body were found.

10 of Ms Shaariibuu's relatives arrived late amid tight security at Kuala Lumpur International Airport. Her father, Mr Shaariibuu Setev, is believed to be among them. They evaded a waiting media contingent and were taken immediately to the Kuala Lumpur Police headquarters to assist in investigations.

Ms Shaariibuu's father is expected to provide DNA samples to facilitate the identification of her remains.

Meanwhile, police investigators continued to scour the secluded site outside the city where the bone fragments were found for more evidence.

Some of her personal effects, said to be a ring, a ear-ring and a wristwatch, have also been recovered.

But it is not known if these items, which are being used to help identify her, were recovered from her hotel room or the site where her body was found.

Investigators also brought Mr Abdul Razak yesterday to his office near the Petronas Twin Towers.

They are believed to have seized documents and CCTV footage from his office.

15 NOV 2006

Two policemen from an elite unit- Chief Inspector Azilah Hadri, 31, and Corporal Sirul Azhar Umar, 36 are charged with murdering Ms Altantuya Shaariibuu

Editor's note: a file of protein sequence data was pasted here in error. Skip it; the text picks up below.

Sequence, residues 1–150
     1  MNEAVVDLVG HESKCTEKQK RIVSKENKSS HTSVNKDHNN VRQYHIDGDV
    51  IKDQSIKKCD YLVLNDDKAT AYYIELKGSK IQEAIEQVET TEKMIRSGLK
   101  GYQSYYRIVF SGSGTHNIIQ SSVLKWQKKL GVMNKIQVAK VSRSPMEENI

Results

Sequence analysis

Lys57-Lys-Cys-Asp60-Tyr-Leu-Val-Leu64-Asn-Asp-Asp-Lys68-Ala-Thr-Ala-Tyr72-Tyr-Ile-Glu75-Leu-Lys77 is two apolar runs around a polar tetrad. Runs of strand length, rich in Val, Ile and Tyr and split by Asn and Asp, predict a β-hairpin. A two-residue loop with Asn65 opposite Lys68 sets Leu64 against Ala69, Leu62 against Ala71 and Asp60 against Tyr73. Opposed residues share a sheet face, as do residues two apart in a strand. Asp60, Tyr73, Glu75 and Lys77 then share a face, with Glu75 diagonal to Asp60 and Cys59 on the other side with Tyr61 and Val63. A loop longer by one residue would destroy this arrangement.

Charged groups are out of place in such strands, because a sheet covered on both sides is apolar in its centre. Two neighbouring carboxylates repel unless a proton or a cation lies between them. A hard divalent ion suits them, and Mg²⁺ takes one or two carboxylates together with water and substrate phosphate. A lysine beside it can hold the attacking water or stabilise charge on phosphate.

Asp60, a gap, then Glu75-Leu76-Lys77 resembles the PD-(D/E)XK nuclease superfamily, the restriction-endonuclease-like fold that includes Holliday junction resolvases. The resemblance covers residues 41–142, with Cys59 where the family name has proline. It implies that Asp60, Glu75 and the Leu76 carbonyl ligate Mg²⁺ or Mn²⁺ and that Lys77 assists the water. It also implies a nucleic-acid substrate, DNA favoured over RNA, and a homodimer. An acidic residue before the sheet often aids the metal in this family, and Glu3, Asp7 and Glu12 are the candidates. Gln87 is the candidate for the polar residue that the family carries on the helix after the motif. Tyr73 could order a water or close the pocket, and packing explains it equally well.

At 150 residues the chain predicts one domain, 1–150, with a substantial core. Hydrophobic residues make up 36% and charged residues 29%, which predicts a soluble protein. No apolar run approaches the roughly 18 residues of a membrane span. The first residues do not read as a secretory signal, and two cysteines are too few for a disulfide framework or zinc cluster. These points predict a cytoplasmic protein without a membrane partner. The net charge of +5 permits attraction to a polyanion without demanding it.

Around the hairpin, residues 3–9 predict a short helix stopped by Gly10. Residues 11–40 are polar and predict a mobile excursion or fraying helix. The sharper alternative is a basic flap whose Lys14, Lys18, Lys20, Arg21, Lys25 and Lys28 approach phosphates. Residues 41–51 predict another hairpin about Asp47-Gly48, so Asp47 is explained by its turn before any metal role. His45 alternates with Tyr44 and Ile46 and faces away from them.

The results of DNA tests have confirmed that the bone fragments came from Miss Shaariibuu.

Two Malaysian policemen were charged with the murder of Mongolian model Altantuya Shaariibuu. Both men, who appeared tired but calm, were taken to court in handcuffs and nodded when asked if they understood the charge. No plea was recorded. The accused are with an elite police tactical unit called the Unit Tindakan Khas (Special Forces Unit), which protects VIPs.

Another police officer who was detained, an unnamed female corporal, was released on bail.

The next day, on 16 Nov, Abdul Razak was charged with abetting the murder of a Mongolian model and is facing a possible death sentence.

24 NOV 2006

Abdul Razak Baginda was freed on bail yesterday after he pleaded not guilty to conspiring to murder a Mongolian woman.